As for the two transfers, Aundre Hyatt shot 70.0% last season on 20 attempts and is shooting 75.0% for his career. With it likely that Hyatt will have more scoring opportunities at Rutgers compared to LSU, he should make a positive impact from the line. Ralph Agee made 60.6% of his 66 attempts last season and is shooting 61.8% for his career. That’s decent for a big man and better than Rutgers had upfront last season. Agee was also 177th in the nation last year with a 45.0% free throw rate, so he knows how to draw fouls. If he takes a portion of the attempts that Johnson took last season, it should lead to improvement for the team.

The impact that the newcomers to the core rotation will make in Mawot Mag, who was 3 of 6 for 50.0% last season, and Jaden Jones, who did not have any attempts, remains to be seen. If they can shoot in the 65.0%-70.0% range, it wouldn’t be earth shattering efficiency but it certainly wouldn’t hurt the team either. If they can shoot over 70.0%, even more progress will be made.

As for the rest of the bench, Dean Reiber was 5 of 6 last season at 83.3%, Oskar Palmquist was 3 of 6 for 50.0% and Jalen Miller is making his debut.

Free throw shooting percentage is not a season making or killing area in college basketball, even if it feels that way at times. While Rutgers was the worst free throw shooting team to make the NCAA Tournament last season, they still got there and advanced to the second round. The two other tourney teams that shot almost as poorly as RU last season from the line were Creighton at 64.0% and USC at 64.9%. They made the Sweet 16 and Elite 8 respectively, both losing to national runner-up Gonzaga. All three teams exited March Madness for other reasons than free throw shooting and Rutgers even shot 9 of 12 for 75.0% from the free throw line in the loss to Houston.

The point is while you can overcome being a poor free throw shooting team, it certainly is beneficial to be more efficient in taking advantage of the freebies. Making or missing free throws at certain points of a game can have a huge impact on the flow. Even when a team is struggling shooting wise from the floor, you can generate offense on the line to stay in games and prevent opponents from making a huge run. Missing the front end of a one and one can be crippling to a comeback or putting a game away late. Reducing the possibility of losing games due to missed free throws is critical as this program looks to continue to move up the Big Ten ladder. And it takes pressure off an offense knowing you can convert from the line.

Rutgers has improved significantly in offensive efficiency under Pikiell, improving from the 200’s nationally in his first two seasons to 72nd and 82nd overall the past two seasons per KenPom. However, the Scarlet Knights need to improve its offensive efficiency even more so and are unlikely to break into the top 50 nationally until they can be consistent from the foul line.

Pikiell prioritizes work from the line in practice by calling on different players throughout practice to step up and shoot a free throw after multiple drills. If they make it, they go onto the next drill. If they miss, the team runs and continues to until a player does make a free throw. Practice always ends this way as well. This is on top of designated times to focus as a team on shooting free throws during practice.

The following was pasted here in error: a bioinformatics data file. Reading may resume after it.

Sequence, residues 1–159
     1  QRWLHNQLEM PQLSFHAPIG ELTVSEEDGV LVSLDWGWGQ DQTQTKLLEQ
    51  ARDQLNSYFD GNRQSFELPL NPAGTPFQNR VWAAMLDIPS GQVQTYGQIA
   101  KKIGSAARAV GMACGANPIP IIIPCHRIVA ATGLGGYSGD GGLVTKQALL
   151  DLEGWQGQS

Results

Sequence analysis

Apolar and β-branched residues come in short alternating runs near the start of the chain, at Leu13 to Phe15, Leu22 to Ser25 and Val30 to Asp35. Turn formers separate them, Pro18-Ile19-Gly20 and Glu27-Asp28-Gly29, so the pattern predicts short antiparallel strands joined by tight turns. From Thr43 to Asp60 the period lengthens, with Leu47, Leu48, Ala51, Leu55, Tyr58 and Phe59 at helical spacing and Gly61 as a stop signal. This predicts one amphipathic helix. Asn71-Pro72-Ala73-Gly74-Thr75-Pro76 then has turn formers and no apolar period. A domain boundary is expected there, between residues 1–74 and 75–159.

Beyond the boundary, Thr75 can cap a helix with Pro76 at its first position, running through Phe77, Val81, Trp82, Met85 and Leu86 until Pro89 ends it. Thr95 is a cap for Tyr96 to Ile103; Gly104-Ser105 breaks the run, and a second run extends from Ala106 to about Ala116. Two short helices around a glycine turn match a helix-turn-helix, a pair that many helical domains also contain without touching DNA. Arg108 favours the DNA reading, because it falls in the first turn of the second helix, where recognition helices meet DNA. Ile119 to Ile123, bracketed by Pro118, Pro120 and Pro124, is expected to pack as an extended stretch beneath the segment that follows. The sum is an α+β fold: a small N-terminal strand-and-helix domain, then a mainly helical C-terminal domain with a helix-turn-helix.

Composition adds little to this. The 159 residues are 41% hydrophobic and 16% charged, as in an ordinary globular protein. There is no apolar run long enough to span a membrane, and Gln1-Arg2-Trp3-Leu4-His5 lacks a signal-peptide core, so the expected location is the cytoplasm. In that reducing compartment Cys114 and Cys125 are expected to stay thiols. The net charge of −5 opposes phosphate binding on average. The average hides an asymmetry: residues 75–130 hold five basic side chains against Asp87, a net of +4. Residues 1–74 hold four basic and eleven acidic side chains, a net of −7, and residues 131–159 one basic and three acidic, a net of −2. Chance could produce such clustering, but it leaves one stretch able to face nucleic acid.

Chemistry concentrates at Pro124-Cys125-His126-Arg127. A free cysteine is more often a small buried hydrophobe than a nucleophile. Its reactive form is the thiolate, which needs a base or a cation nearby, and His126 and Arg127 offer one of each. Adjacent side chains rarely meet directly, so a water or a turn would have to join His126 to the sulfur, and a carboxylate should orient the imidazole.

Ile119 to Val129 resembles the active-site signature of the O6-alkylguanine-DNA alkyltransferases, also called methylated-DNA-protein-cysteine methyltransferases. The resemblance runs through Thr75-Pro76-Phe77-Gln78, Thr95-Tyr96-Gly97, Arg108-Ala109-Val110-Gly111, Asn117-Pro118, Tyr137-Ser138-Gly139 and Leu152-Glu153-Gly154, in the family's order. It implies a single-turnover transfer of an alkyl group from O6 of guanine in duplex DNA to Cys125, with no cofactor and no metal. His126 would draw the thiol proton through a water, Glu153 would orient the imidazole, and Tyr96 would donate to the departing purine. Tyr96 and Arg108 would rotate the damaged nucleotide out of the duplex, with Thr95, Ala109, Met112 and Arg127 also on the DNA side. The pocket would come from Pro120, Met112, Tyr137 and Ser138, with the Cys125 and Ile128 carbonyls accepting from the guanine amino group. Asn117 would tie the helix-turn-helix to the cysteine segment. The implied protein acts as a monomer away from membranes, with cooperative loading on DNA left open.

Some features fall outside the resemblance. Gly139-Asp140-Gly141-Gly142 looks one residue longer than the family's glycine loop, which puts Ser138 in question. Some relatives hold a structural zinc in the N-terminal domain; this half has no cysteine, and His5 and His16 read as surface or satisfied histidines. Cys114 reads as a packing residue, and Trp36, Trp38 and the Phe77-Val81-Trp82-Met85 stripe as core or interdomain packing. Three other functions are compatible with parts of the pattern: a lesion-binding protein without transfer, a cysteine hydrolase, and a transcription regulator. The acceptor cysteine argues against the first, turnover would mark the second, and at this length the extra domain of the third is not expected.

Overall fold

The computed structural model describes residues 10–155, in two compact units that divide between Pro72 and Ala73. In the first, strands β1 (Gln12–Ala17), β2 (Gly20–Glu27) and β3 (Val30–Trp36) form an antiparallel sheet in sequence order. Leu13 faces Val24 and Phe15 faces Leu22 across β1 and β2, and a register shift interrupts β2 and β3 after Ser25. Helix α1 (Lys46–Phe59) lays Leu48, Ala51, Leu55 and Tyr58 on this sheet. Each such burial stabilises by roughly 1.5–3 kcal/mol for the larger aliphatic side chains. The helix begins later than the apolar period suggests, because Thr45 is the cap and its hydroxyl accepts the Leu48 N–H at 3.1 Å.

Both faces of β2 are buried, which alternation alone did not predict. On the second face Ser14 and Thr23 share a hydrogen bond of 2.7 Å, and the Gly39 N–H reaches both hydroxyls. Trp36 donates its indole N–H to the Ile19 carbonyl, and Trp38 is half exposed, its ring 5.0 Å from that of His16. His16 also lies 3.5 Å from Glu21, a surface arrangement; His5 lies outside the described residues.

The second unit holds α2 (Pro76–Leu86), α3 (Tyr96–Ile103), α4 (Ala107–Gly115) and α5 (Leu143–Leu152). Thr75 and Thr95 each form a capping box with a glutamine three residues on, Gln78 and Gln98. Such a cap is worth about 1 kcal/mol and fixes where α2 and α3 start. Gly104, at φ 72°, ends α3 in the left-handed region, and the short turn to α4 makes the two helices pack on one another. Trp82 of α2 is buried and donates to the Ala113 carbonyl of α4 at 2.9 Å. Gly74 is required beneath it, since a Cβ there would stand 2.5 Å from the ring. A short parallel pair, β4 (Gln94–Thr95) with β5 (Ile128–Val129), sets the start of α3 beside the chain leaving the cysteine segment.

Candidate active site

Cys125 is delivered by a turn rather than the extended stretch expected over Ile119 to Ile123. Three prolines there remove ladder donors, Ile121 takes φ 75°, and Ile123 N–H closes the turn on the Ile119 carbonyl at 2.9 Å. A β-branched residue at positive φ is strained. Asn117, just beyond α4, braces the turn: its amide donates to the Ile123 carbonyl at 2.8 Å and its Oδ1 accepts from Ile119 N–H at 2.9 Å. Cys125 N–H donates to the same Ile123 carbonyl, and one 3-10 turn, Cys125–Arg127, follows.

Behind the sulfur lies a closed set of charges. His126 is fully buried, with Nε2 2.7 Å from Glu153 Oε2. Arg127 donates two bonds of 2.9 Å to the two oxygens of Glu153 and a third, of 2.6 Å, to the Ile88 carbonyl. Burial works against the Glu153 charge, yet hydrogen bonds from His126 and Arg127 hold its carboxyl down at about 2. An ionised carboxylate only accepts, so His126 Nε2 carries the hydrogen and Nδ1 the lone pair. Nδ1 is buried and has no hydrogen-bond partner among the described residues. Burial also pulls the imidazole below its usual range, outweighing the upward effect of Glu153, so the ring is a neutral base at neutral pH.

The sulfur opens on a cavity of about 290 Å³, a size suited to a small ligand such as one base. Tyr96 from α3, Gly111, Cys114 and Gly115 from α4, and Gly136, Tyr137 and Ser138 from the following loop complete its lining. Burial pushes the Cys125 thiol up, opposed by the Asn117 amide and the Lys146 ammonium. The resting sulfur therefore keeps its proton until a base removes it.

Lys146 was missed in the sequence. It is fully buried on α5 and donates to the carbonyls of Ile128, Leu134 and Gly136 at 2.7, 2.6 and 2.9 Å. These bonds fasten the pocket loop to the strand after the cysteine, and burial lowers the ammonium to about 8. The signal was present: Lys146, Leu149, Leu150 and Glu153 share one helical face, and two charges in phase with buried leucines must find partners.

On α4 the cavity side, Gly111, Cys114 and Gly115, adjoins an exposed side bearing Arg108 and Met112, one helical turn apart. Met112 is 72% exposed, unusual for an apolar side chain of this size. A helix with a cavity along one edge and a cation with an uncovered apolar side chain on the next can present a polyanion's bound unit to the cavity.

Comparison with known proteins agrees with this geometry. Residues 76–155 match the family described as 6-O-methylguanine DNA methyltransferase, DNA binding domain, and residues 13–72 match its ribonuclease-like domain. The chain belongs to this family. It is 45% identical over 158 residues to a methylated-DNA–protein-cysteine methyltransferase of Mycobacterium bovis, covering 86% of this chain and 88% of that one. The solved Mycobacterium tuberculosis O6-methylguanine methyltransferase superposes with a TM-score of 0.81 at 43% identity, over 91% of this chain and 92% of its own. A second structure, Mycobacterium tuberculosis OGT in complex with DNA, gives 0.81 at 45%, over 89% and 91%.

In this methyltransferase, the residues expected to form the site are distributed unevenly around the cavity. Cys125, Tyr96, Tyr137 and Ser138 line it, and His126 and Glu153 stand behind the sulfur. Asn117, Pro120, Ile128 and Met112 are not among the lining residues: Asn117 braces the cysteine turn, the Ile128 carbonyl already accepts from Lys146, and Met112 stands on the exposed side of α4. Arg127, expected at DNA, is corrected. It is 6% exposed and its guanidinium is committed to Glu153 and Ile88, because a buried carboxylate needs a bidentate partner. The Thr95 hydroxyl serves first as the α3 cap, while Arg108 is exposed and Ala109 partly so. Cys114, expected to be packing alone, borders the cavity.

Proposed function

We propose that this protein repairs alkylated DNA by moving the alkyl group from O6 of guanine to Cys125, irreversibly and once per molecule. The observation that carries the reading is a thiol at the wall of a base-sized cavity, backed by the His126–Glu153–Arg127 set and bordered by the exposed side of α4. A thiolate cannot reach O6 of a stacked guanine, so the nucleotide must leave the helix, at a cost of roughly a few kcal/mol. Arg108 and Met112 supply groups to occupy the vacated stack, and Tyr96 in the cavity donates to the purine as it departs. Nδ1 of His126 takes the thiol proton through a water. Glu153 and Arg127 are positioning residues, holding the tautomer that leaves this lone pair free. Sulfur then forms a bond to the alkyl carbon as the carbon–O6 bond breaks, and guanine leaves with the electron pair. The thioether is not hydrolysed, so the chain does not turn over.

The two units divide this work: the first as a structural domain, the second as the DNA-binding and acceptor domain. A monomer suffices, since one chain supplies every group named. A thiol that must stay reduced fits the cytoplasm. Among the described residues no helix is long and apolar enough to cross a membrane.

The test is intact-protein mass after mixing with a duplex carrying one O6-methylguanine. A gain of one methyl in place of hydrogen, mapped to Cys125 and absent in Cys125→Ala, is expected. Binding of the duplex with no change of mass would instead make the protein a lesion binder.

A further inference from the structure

Is Rutgers going to be one of the best free throw shooting teams in the country this season? No, not even close. Just to be included in the top 50 nationally in free throw shooting percentage last season meant shooting just under 75%. The best teams have multiple players shooting over an 80% clip from the line. However, if RU can approach being an average free throw shooting team, they’ll be much improved from the line and it will greatly benefit their offensive efficiency overall.

The average team shooting percentage from the charity stripe last season was 71.1%. Can Rutgers get close to that level of efficiency from the line? It’s possible and not a pipe dream.

Five of the six players expected to play the most minutes this season in Harper Jr., Baker, McConnell, Mulcahy and Hyatt shot a combined 72.8% from the free throw line last season. All have shot over 70% in multiple seasons other than Mulcahy. Getting Baker and McConnell, the two most accurate free throw shooters on the team, more attempts is a must. If Harper Jr. and Mulcahy can improve even more this season and Hyatt remains steady with more attempts, more progress will be made.

How much Omoruyi can improve, whether Agee remains consistent and the impact that new rotation players like Jaden Jones and Mag Mawot will make will be key in ultimately determining how strong of a free throw shooting team Rutgers becomes this season.

After shooting 63.6% from the line as a team last season and never making more than 65.2% of its attempts in any season under Steve Pikiell, it’s reasonable to expect this to be his best free throw shooting team so far. How good remains to be seen but based on data and trends, there is reason to believe it will be Pikiell’s best free throw shooting team by a considerable margin.